An exhibition in Tokyo is currently showcasing the insanely wonderful inventions to have won the Ig Nobel Prize, a parody of the renowned Nobel Prize.
Every autumn, the Scientific Humor Magazine and the Annals of Improbable Research (AIR) organise a ceremony to recognise ten absolutely bonkers “accomplishments” in scientific research. Started in 1991, the whole thing is meant to be a chance for the scientific community to laugh at itself, while maybe coming up with some actually useful knowledge in the process.
Imagine it as the Razzies for science. But smart.
The tongue-in-cheek celebration has a very clear mantra: “Honor achievements that first make people laugh, and then make them think.”
Even the name of the award is in jest: “Ig Nobel” is a cheeky reference to the word “ignoble”, which means “not noble in quality, character, or purpose; base or dishonourable.”
From September 22 to November 4, Ig Nobel Prize-winning items, sounds, photographs and activities will be shown at the AaMo Gallery at the Tokyo Dome.
At the exhibit, you’ll find past winners of the award including such groundbreaking devices as the “Bowlingual”, the handy dog language interpreter that helps humans understand the mood of their pets by classifying dog barks into six emotional categories: menace, joy, frustration, self-expression, sorrow and desire. That sounds kind of useful, right?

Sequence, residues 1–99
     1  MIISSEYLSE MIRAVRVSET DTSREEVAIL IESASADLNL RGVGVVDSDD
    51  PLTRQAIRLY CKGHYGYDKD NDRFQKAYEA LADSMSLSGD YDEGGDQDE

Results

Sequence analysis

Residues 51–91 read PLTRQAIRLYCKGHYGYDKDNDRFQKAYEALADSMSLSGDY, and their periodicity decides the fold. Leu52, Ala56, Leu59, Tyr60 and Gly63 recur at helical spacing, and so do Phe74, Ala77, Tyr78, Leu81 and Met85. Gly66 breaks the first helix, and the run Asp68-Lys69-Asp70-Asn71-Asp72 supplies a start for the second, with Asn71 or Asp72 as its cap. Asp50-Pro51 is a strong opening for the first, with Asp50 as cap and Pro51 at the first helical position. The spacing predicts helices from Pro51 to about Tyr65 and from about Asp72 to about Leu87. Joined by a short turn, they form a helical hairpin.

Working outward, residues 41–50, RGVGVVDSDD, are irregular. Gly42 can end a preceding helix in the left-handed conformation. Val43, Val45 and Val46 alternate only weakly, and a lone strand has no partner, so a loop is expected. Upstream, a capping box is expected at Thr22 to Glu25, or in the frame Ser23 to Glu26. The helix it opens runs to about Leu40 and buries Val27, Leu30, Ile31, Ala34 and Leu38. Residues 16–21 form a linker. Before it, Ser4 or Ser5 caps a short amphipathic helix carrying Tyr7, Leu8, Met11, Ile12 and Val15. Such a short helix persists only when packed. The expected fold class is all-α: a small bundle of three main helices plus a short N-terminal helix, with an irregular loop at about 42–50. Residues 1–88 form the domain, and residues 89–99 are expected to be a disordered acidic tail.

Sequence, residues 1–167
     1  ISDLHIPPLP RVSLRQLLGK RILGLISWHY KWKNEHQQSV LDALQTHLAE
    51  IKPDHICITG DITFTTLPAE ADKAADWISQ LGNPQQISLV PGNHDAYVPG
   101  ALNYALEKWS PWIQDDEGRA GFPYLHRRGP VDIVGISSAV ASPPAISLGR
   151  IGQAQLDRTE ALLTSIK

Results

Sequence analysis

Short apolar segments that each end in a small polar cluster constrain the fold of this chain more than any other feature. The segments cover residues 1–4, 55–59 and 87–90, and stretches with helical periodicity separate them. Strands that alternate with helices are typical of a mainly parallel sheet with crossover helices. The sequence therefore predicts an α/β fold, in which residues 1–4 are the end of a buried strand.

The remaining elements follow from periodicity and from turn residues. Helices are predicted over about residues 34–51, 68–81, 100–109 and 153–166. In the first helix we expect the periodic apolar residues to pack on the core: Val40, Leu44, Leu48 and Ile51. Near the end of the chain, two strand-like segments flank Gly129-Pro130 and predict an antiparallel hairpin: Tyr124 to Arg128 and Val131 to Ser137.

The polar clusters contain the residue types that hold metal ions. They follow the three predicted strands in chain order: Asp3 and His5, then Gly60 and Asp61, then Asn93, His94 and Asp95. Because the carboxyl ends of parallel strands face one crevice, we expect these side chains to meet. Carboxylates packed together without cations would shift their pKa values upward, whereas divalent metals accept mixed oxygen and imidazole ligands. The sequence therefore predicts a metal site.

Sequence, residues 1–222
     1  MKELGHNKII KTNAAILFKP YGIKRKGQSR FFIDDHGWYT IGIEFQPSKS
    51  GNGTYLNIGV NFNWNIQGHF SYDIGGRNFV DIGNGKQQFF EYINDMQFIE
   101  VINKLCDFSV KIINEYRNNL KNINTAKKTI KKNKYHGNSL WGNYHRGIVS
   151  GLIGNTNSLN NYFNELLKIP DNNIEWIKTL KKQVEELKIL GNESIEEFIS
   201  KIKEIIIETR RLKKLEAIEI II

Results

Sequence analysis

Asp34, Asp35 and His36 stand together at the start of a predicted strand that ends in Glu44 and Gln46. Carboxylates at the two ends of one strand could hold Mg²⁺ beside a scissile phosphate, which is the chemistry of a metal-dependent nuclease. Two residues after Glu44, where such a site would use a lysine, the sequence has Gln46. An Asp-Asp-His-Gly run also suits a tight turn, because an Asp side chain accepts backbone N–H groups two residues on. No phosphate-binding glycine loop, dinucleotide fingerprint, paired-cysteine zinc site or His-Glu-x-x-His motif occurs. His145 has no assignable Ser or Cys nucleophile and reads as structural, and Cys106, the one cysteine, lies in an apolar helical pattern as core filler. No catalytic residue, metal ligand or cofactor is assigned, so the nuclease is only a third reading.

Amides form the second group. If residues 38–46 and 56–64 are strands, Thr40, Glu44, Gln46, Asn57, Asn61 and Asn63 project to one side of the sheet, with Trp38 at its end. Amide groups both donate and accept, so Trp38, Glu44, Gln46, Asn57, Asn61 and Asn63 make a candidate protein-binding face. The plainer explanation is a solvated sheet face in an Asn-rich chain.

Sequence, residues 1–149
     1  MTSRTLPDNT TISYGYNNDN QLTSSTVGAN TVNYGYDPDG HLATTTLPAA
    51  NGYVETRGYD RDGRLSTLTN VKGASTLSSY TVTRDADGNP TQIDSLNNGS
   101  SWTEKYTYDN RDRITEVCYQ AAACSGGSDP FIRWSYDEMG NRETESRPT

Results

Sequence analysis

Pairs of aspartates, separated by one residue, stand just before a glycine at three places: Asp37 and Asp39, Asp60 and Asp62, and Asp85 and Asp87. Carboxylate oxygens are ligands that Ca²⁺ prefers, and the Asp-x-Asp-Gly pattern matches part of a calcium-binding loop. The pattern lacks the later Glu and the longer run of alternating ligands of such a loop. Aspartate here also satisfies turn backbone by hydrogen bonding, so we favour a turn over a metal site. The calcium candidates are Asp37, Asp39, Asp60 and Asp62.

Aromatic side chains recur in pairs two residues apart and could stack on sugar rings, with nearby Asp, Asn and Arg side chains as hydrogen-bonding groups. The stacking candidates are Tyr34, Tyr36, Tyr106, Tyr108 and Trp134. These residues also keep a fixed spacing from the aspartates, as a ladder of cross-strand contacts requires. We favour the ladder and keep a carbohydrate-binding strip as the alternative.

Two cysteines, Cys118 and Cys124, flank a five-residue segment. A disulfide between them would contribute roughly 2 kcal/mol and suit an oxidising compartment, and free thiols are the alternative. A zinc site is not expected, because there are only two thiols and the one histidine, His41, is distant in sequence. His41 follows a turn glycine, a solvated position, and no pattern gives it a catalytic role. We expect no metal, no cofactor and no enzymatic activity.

There’s also a bra that turns into a gas mask. Well, two gas masks to be precise.
Of course, an exhibition of this magnitude could not be complete without “Neuticles”, testicle implants for neutered dogs to boost their self-esteem and help them recover from the trauma of castration.
Not weird enough for you? How about this: One past Ig Noble laureate devised the “babypod”, a speaker that pregnant women – wait for it – insert into their vagina so they can play music to their unborn babies. The Mozart effect ramped up to 11.
But it doesn’t stop there. How could we not mention the do-it-yourself colonoscopy?
“Not many people took the test… so I wanted to create an examination that would be accepted by everyone,” said Doctor Akira Horiuchi, the mind behind this DI-why masterpiece.
Dr Horiuchi’s paper reads: “We found that a newly developed, small-caliber, variable-stiffness colonoscope, designed for colonoscopy in pediatric patients, was especially useful in patients with difficult colonoscopy.”
It isn’t surprising Japanese researchers have won Ig Nobel prizes for 12 years in a row. Marc Abrahams, editor and co-founder of Annals of Improbable Research and mastermind of the Ig Nobel Prize celebration, shared with AFP his thoughts on Japan’s dominance in the awards.
“In most of the world, when people behave in very eccentric ways, that’s considered to be a very bad thing,” Abrahams said.
“In Japan and also in the UK, it’s different. You don’t kill your eccentrics. You love them.”
The exhibit will also feature a hilarious gift shop and simulator booths to try some of these insane inventions.
Admission is ¥900 (A$11) for children and ¥1,400 (A$17) for adults.